A brief history is persuasive. Haiti is the only independent nation born of a slave revolt, in the then French, very profitable, colony of Saint Domingue. On June 7, 1803, the heroic leader of this revolt, Toussaint L’Ouverture, imprisoned by the French, died; his generals declared Haiti independent on Jan. 1, 1804. This declaration related closely to events on Guadeloupe, where the Napoleonic dictatorship of France, whose revolutionary government had freed the slaves in 1794, re-imposed slavery with many bloody atrocities, including the murder of all black soldiers in the French army (they enlisted because they were offered freedom in exchange, and served faithfully). These proceedings convinced Haitian revolutionaries that the French negotiated dishonestly, and they chose independence. During the war of the French Revolution, the British invaded French Caribbean islands re-imposing slavery, only later to trumpet their role as “liberators” of the slaves. Haiti was their only failure. Subsequently, the slaveholding colonial powers refused to recognize Haiti, even after they finally abolished slavery themselves (1838 for the British, 1848 for the French, 1865 for the U.S). In 1825 the French decided to recoup their losses by utilizing gunboat diplomacy to extort “reparations” from Haiti, whose isolated position made finding customers for their sugar cane difficult. The upshot was that, from 1825 to 1947, approximately 80% of Haiti’s GDP was sold to profit the French, thus stifling any efforts to promote a Haitian-oriented economy. Infrastructure went unbuilt or disintegrated. Most Haitians were desperately poor, and what happened next only worsened their situation.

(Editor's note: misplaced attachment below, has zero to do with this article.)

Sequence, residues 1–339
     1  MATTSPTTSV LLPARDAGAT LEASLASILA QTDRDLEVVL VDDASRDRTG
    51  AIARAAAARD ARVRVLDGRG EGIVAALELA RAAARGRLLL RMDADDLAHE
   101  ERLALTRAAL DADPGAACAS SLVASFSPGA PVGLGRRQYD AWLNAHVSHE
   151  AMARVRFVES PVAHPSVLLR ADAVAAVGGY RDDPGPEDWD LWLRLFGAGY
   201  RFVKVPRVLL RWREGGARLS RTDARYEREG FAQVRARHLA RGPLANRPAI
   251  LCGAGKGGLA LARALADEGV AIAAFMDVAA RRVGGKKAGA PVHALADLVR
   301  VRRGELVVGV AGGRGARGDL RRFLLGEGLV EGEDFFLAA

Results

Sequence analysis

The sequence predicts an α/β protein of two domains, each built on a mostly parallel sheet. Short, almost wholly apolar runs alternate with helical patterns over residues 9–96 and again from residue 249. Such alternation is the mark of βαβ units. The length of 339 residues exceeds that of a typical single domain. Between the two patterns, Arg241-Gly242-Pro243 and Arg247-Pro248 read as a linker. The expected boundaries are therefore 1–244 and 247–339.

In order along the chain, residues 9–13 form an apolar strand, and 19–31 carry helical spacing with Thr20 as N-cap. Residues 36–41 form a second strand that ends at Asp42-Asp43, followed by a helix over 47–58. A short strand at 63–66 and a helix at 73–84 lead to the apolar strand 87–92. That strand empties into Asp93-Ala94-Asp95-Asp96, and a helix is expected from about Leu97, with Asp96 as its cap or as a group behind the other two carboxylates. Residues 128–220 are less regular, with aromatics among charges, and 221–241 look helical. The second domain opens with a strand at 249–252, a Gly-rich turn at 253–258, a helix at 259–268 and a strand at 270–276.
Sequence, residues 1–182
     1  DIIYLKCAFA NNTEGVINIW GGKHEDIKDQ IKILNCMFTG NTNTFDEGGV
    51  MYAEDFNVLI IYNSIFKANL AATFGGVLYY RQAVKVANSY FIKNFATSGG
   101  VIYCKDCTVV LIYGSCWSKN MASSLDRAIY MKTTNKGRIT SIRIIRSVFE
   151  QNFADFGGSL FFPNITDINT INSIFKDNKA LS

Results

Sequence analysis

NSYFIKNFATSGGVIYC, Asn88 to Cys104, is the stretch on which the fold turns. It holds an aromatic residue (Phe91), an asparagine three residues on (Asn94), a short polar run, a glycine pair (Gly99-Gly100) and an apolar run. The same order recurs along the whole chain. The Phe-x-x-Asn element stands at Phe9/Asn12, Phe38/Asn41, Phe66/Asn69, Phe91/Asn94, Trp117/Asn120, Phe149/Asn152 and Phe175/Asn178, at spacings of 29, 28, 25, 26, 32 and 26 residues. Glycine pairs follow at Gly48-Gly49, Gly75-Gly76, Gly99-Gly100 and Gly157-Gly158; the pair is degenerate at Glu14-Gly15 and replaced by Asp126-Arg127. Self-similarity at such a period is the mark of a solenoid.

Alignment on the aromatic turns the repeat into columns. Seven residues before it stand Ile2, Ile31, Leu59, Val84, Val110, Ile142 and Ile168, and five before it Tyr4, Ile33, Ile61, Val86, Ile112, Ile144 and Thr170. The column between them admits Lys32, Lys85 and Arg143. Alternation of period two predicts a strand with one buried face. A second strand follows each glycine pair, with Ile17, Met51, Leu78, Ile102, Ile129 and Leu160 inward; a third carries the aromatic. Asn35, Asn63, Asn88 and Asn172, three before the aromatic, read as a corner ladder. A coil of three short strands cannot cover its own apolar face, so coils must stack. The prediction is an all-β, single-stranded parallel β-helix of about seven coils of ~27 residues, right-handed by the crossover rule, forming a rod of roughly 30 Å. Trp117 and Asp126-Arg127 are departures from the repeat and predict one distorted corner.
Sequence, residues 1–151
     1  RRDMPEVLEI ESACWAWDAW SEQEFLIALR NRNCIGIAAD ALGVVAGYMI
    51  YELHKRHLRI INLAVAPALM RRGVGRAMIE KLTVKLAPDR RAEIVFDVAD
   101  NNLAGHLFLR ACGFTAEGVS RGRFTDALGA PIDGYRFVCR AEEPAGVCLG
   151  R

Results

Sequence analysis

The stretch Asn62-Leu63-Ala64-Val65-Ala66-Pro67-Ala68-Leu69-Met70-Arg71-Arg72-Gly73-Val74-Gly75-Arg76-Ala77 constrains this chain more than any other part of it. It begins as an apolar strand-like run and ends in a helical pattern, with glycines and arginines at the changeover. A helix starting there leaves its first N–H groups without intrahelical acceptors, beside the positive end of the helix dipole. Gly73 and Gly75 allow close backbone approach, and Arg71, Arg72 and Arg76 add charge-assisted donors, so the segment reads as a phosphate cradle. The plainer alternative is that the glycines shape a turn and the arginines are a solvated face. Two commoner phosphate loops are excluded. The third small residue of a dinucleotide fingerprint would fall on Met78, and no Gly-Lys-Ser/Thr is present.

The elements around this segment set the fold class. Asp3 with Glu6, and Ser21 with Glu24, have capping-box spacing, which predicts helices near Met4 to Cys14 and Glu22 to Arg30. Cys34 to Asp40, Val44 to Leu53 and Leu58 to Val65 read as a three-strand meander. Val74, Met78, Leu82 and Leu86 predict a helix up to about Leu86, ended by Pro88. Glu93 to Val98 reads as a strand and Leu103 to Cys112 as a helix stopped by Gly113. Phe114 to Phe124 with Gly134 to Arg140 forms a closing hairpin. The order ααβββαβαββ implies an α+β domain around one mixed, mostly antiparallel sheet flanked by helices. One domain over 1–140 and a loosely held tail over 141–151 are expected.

The U.S. decided to capitalize on Europe’s absorption in World War I by seizing Haiti and its wealth in 1915, where we remained until 1934 and carried out a brutal assault on its population, using aerial bombing. We reintroduced forced labor. Herbert Seligmann, eminent author and journalist, wrote in cataloguing American atrocities there, “[T]he American invasion … is only additional evidence that the U.S. is among those Powers in whose international dealings democracy and freedom are mere words, and human lives negligible in face of [racism], political chican[ery], and money.” (The Nation, July 10, 1920). We created the army later employed by our subsidized dictators, the Duvaliers (father and son in power from 1957 to 1986) to terrorize the population (most Caribbean nations do not have armies). From 1986 to 1990 Haiti had despicable U.S.-backed military governments. In 1990 a populist president was elected in Haiti by a landslide, Jean-Bertrand Aristide, who began a campaign for the French to repay the “reparations” they had collected and tried to better the situation of most Haitians by raising the minimum wage and abolishing the army. Right-wing forces supported by U.S. Republican administrations ousted him in 1991 and in 1994 after the Clinton administration had restored him to power but a Republican-dominated Congress was elected. In 2000 Aristide was again elected by a landslide; this time the CIA engineered his kidnapping and transportation to the Central African Republic, after the Bush administration effectively blocked development loans to undermine his government. Today about half of Haiti’s huge international debt stems from loans made to the Duvalier regimes, who pocketed them. In 2003 the Haitian government sent about 90% of its foreign reserves to Washington to pay these debts, even though international law considers them to be “odious debt” that need not be repaid.
And so, even though Obama has given priority to aid to Haiti not duplicated by the Bush administration with regard to New Orleans, this is a drop in the bucket insofar as our moral debt to Haiti is concerned. We now have an enormous opportunity to redevelop Haiti to make the profits of its resources go to its people, instead of re-colonizing it with the CIA and sweated labor. Sustainable development from below is key to a stable democratic prosperous country, not corporate colonization. If we can do this, we will show that we are not the invincibly racist greedy people that our history with Haiti suggests.*
*For further information see Paul Farmer, The Uses of Haiti (Common Courage Press, 2005; Pathologies of Power (University of California Press, 2003), and http://globalresearch.ca/articles/FAR404B.html. Material on the French Revolutionary period in the Caribbean comes from a work in progress by the author.